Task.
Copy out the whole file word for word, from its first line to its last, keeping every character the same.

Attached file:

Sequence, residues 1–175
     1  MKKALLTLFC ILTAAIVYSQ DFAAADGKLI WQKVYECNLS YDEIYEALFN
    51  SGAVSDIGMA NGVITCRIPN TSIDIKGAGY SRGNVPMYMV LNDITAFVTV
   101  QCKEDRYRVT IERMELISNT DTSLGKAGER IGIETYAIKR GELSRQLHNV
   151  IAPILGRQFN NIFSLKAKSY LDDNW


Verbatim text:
Sequence, residues 1–175
     1  MKKALLTLFC ILTAAIVYSQ DFAAADGKLI WQKVYECNLS YDEIYEALFN
    51  SGAVSDIGMA NGVITCRIPN TSIDIKGAGY SRGNVPMYMV LNDITAFVTV
   101  QCKEDRYRVT IERMELISNT DTSLGKAGER IGIETYAIKR GELSRQLHNV
   151  IAPILGRQFN NIFSLKAKSY LDDNW